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acrostics Addison admiration affectation appear audience beautiful body called character club consider conversation death desire discourse dress endeavour English express eyes face fall figure folio frequently give given greater greatest hand head heart honour hope humour kind King lady learned letter live look Lord manner March means meet mentioned mind nature never night observed occasion opera particular pass passion person piece play pleased pleasure poem poet present published reader reason received represented says scenes seems seen sense short speak Spectator stage Steele taken talk Tatler tell things thought tion told town tragedy turn verses virtue whole woman women writings written young
Page 53 - It was said of Socrates, that he brought Philosophy down from Heaven, to inhabit among Men; and I shall be ambitious to have it said of me, that I have brought Philosophy out of Closets and Libraries, Schools and Colleges, to dwell in Clubs and Assemblies, at Tea-Tables and in CoffeeHouses.
Page 3 - Europe, in which there was any thing new or strange to be seen ; nay to such a degree was my curiosity raised, that, having read the controversies of some great men concerning the antiquities of Egypt, I made a voyage to Grand Cairo on purpose to take the measure of a pyramid : and, as soon as I had set myself right in that particular, returned to my native country with great satisfaction*.
Page 10 - His tenants grow rich, his servants look satisfied, all the young women profess love to him, and the young men are glad of his company. When he comes into a house he calls the servants by their names, and talks all the way upstairs to a visit.
Page 12 - ... of London ; a person of indefatigable industry, strong reason, and great experience. His notions of trade are noble and generous, and (as every rich man has usually some sly way of jesting, which would make no great figure were he not a rich man) he calls the sea the British Common. He is acquainted with commerce in all its parts, and will tell you that it is a stupid and barbarous way to extend dominion by arms: for true power is to be got by arts and industry. He will often argue, that if this...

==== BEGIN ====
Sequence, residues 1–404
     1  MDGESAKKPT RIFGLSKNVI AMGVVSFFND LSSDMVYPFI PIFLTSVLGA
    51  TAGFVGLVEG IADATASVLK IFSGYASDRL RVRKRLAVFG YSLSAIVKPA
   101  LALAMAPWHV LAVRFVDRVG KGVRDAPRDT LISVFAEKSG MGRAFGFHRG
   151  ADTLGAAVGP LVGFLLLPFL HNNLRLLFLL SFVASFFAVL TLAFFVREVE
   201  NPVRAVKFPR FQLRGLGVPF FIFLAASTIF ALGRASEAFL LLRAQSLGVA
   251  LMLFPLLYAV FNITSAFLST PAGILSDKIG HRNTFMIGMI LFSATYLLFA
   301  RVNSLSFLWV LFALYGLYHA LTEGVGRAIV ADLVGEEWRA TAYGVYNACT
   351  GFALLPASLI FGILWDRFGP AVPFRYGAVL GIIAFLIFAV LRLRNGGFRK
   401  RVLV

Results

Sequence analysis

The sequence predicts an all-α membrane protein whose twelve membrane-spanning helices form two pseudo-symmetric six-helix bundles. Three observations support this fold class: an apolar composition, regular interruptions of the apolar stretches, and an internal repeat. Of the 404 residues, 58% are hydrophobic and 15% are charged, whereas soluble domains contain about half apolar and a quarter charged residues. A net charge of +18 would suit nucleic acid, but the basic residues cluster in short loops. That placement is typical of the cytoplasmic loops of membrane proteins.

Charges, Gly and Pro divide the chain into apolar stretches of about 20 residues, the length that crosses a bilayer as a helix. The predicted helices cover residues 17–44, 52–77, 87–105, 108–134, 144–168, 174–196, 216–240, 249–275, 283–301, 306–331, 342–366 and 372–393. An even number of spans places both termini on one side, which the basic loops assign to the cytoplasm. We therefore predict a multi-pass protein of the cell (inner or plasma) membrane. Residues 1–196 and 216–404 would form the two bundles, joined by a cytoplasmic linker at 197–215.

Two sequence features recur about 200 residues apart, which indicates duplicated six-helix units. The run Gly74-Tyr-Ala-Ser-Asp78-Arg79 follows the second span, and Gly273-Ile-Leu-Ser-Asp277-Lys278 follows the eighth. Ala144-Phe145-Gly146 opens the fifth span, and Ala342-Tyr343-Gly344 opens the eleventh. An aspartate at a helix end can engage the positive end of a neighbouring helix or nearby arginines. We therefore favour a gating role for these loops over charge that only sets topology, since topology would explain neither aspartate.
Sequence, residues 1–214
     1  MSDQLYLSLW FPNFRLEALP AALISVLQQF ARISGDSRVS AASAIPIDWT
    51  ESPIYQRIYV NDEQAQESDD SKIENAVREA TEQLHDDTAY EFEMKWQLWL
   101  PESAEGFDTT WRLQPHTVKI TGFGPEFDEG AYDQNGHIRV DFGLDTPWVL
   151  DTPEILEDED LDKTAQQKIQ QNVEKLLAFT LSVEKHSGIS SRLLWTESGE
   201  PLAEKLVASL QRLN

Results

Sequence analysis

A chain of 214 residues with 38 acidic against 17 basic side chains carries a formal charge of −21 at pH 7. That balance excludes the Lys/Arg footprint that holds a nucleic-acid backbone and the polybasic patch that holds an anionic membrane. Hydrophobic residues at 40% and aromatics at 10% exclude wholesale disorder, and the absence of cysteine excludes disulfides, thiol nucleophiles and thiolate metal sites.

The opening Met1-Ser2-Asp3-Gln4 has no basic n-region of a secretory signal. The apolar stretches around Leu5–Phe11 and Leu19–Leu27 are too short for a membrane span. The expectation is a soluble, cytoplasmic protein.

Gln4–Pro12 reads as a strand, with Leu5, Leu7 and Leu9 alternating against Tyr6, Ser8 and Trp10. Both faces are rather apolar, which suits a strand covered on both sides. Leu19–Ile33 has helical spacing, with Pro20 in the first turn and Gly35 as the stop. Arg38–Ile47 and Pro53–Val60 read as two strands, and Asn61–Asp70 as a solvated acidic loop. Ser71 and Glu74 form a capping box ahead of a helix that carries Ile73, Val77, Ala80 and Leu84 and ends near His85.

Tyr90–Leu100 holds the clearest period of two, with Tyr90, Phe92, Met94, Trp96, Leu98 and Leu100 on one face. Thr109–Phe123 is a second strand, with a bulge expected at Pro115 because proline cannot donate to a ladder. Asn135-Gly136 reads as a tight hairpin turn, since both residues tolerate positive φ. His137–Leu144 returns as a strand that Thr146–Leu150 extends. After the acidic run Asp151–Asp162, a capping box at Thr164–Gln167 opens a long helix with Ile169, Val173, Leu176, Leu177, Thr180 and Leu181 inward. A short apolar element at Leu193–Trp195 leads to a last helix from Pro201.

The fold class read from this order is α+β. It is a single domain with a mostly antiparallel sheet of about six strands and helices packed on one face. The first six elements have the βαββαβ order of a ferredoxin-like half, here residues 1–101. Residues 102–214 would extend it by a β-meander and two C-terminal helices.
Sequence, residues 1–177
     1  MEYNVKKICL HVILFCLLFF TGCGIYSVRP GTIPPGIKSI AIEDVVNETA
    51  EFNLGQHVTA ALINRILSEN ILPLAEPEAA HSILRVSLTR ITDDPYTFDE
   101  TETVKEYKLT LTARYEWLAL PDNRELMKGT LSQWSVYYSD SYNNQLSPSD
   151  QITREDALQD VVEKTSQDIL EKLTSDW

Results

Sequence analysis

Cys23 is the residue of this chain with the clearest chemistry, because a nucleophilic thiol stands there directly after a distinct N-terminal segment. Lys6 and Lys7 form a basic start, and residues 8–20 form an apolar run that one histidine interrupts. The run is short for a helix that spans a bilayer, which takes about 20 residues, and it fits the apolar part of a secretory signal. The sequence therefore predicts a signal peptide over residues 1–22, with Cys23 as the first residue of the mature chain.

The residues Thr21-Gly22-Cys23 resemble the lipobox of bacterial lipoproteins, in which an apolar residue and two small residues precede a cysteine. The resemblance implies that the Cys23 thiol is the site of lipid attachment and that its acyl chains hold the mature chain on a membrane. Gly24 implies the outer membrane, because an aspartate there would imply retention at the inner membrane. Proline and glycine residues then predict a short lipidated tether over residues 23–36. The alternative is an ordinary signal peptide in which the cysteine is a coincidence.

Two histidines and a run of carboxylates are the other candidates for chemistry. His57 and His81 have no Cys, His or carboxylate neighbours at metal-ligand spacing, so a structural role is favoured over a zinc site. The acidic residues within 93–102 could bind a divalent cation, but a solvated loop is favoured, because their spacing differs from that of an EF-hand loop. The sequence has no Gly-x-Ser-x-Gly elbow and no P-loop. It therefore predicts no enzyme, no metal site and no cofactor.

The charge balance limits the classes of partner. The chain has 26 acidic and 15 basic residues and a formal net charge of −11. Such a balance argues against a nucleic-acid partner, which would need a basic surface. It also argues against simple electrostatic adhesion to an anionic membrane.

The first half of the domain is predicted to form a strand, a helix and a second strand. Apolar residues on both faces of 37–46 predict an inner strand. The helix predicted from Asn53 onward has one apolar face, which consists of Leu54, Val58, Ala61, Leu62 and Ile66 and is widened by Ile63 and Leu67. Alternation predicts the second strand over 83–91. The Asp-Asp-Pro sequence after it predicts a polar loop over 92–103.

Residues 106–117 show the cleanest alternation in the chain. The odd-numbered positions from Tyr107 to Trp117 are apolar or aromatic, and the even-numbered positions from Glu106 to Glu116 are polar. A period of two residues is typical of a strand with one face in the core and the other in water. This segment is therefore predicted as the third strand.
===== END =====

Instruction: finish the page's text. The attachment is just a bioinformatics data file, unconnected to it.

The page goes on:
Page 226 - Bring with thee airs from heaven or blasts from hell, Be thy intents wicked or charitable, Thou com'st in such a questionable shape, That I will speak to thee: I'll call thee Hamlet, King, father, royal Dane, O, answer me!
Page 11 - His familiarity with the customs, manners, actions, and writings of the ancients, makes him a very delicate observer of what occurs to him in the present world.
Page 205 - THE English writers of tragedy are possessed with a notion, that when they represent a virtuous or innocent person in distress, they ought not to leave him till they have delivered him out of his troubles, or made him triumph over his enemies. This error they have been led into by a ridiculous doctrine in modern criticism, that they are obliged to an equal distribution of rewards and punishments, and an impartial execution of poetical justice...
Page 386 - Lo, yonder doth Earl Douglas come, His men in armour bright ; Full twenty hundred Scottish spears All marching in our sight ; All men of pleasant Teviotdale, Fast by the river Tweed...
Page 189 - The very sound of a Lady's Library gave me a great curiosity to see it ; and as it was some time before the lady came to me, I had an opportunity of turning over a great many of her books, which were ranged together in a very beautiful order. At the end of the folios (which were finely bound and gilt) were great jars of China placed one above another in a very noble piece of architecture.